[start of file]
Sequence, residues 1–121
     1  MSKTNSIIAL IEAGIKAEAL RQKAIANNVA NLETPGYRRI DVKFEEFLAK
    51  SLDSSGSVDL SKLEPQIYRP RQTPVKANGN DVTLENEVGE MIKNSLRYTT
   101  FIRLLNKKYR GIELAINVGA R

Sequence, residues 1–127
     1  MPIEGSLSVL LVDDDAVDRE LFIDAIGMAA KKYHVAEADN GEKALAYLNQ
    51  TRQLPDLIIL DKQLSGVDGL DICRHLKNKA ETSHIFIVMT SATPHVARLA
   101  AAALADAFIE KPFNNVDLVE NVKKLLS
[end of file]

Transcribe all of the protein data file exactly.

Sequence, residues 1–121
     1  MSKTNSIIAL IEAGIKAEAL RQKAIANNVA NLETPGYRRI DVKFEEFLAK
    51  SLDSSGSVDL SKLEPQIYRP RQTPVKANGN DVTLENEVGE MIKNSLRYTT
   101  FIRLLNKKYR GIELAINVGA R

Sequence, residues 1–127
     1  MPIEGSLSVL LVDDDAVDRE LFIDAIGMAA KKYHVAEADN GEKALAYLNQ
    51  TRQLPDLIIL DKQLSGVDGL DICRHLKNKA ETSHIFIVMT SATPHVARLA
   101  AAALADAFIE KPFNNVDLVE NVKKLLS